Pilate twists and mocks the idea of Jesus as king. He has Jesus dressed in a royal purple robe and crowned with thorns. Jesus is shackled and beated, condemned to death. As he hangs on the cross, Pilate’s royal declaration hangs above: “Jesus of Nazareth, the King of the Jews.” Pilate sees crucified Jesus as the furthest thing from an image of a king.
The cross is the throne Jesus ascends. Humility is the path he chooses. But his kingship is sure. Jesus is one with the creator whose power is greater than all. Jesus sets aside power in his incarnation and death. Jesus’ resurrection on Easter morning testifies to the kingship and power that rightly belong to him. Pilate intends to mock the powerless king, but Jesus proves his victory in setting aside power. Jesus is ruler of a different kind of kingdom, in which the powerful one gives up himself for the sake of the weakest.
The cross is the moment of Jesus’ victory. What is it Jesus is victorious over?
Jesus is victorious over sin, death, and the devil. Jesus breaks the powers of this world that hold us captive and separated from God. Jesus opens his kingdom to all people.
The powers of evil, the rights of death, were broken when they tried to claim Jesus. From the beginning of the gospel, John wants us to know that Jesus is the word of God, Jesus is from God, Jesus is God. Jesus Christ is present at creation, bringing life into being, light out of darkness, creation out of nothing. So when this Jesus Christ enters into the darkness of death, and death tries to turn him into nothingness, death fails in his task. The one who creates life, light, and creation enters cannot be conquered by death. Jesus makes light in the midst of the darkness of death and turns the nothingness of death into full life. Jesus emerges from suffering death fully restored in newly created life.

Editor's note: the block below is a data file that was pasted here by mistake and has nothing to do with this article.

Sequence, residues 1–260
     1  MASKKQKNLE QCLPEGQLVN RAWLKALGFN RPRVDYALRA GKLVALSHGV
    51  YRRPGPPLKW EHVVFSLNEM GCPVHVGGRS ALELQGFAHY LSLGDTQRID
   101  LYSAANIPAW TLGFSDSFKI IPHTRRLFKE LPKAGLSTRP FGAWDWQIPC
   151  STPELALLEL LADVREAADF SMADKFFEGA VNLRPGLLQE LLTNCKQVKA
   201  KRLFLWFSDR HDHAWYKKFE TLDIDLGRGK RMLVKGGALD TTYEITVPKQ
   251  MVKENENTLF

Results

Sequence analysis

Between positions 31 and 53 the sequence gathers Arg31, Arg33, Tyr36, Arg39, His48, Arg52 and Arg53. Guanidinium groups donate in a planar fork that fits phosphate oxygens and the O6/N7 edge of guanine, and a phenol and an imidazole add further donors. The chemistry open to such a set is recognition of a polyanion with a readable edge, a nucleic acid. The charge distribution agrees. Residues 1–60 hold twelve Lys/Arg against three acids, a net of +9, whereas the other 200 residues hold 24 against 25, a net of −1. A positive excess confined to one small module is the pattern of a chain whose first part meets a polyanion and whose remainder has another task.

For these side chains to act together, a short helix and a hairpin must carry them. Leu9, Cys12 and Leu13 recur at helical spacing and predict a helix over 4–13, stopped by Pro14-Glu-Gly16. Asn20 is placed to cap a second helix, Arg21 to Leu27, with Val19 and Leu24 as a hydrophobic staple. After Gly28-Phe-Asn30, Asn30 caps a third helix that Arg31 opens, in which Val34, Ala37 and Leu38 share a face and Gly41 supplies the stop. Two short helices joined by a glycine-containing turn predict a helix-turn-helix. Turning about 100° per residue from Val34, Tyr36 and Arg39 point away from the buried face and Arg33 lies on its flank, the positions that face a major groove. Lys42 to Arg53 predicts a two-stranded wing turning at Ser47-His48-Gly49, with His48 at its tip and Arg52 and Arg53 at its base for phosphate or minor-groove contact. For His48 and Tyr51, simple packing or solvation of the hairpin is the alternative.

What does all this mean for you and for me?
The cross is the place of victory for Jesus, and also for us. Jesus draws all people to himself as he is raised up on the cross. We who have been united with Jesus through baptism are united with Jesus in his death. Jesus’ death breaks apart the kingdom of this world that is opposed to God and firmly establishes the kingdom of God. We are brought into the kingdom of God now.
This means that you have been freed from all those things which take life away. Death, fear, greed, the need to live up to other’s expectations or ways of valuing life- none of these things have a hold on you anymore. Jesus has won you away from these powers.
Tonight, we welcome the cross into our midst. We honor the cross as symbol and place of Jesus’ victory, in doing so, we glorify the one who died there. As Jesus transforms the world with his kingdom, Jesus has transformed the cross from a place of shame to a place of victory.
Easter Sunday, the empty tomb, and the risen Jesus Christ are the final affirmations to Jesus’ victory on the cross. We know that the cross was a battle won because Jesus emerges from death. We celebrate Jesus’ faithfulness to the cross and God’s faithfulness in providing life. We rejoice in Jesus’ death, because we know that it is not the end of the story. On Easter morning, we will celebrate the bloom of the seed of victory planted this evening.
* Susan Hylen’s commentary regarding the power and kingdom aspects of this gospel were especially helpful in my thinking regarding this text, as was Gustaf Aulen’s Christus Victor and Raymond Brown’s A Crucified Christ in Holy Week: Essays on the Four Gospel Passion Narratives